Loliware went through other major changes post-"Shark Tank." Founder Leigh Ann Tucker left the company while Chelsea Briganti, who now goes by her nickname "Sea," remained at the helm. After releasing variations on the original cups, available for a short time, including a vitamin-infused line called Lolvita, as well as a coconut water-based cup, the company pivoted away from making cups altogether. Instead, a new line of edible drinking straws was introduced. The new product was created in an effort to combat the estimated 8.3 billion plastic straws that are strewn about the world's coastlines (per National Geographic).

Is Loliware still in business?

Loliware is still in business and has positioned itself as a major player in the edible seaweed and new materials verticals, with a focus on creating products that are "Designed to disappear" (via Loliware). By 2023, the company had raised $15.4 million, making it the "best-funded seaweed materials tech company" (per Loliware). The brand is developing new products, bringing its current pre-sales offerings into production, and licensing them in the U.S. and internationally.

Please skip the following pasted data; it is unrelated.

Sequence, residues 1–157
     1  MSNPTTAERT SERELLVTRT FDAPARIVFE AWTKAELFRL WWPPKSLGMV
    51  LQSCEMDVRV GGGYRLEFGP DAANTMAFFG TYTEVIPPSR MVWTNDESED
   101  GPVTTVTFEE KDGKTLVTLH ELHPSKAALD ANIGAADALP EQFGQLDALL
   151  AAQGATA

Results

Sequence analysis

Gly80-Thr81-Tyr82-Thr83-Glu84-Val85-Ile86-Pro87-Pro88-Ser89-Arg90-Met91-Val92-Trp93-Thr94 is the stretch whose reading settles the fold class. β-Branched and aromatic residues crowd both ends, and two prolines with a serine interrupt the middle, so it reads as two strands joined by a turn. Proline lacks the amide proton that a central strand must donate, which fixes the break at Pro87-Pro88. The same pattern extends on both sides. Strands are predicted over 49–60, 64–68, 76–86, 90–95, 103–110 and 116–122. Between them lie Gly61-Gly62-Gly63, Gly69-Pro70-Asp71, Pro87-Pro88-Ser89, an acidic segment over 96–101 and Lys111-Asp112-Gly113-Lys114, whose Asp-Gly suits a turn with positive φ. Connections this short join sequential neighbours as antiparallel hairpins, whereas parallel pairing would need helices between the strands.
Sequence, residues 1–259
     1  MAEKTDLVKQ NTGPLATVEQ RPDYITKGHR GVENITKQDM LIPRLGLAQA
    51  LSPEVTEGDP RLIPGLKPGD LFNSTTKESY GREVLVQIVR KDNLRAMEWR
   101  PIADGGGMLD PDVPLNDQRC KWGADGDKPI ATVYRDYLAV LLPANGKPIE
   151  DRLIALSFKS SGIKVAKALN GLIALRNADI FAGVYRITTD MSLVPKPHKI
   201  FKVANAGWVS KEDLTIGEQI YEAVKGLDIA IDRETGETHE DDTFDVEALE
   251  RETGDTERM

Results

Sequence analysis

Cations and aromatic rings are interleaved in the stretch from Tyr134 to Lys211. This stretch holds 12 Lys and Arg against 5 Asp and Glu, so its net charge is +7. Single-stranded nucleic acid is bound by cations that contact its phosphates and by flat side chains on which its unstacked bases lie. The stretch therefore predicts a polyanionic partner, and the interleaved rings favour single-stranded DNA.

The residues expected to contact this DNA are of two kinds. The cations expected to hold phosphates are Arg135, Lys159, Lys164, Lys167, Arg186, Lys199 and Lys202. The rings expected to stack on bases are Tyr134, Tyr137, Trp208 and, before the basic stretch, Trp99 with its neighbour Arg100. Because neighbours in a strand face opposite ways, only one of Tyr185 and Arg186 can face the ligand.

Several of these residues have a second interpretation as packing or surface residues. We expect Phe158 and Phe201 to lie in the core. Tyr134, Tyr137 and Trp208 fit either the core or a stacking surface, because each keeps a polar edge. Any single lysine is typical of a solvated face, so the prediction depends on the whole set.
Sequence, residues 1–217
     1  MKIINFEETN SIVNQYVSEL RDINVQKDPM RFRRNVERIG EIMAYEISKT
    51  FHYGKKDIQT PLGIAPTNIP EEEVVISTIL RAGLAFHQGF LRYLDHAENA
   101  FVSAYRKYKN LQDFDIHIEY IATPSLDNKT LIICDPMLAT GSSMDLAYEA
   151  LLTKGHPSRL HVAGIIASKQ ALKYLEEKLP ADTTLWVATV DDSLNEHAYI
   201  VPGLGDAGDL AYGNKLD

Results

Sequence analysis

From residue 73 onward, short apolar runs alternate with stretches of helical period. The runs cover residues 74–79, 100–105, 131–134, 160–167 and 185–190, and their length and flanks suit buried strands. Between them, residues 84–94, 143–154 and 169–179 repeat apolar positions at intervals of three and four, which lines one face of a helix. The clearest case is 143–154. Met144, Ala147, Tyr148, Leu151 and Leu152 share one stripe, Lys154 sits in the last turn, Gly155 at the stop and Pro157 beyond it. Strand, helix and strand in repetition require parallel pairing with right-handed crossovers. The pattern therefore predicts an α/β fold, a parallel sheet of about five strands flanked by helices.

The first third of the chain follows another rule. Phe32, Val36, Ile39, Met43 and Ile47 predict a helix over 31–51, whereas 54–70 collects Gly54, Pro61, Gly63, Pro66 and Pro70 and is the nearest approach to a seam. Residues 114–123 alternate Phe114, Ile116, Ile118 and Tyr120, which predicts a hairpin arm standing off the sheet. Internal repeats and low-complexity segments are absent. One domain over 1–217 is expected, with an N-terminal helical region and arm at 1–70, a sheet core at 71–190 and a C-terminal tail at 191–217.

At the forefront of the company's catalog is its Blue Carbon straw. Made from proprietary Sea Technology using a carbon-capturing seaweed blend, mineral colors, and shell powder, the straws are designed to address climate change and ocean pollution. Along with its standard drinking straw, the brand has introduced jumbo and boba varieties, and a special cocktail straw in another partnership with Pernod Ricard. In 2023, a deal was struck with the José Andrés Group to stock seaweed straws in its restaurants. The company is also producing seaweed utensil sets, eliminating the need for plastic cutlery.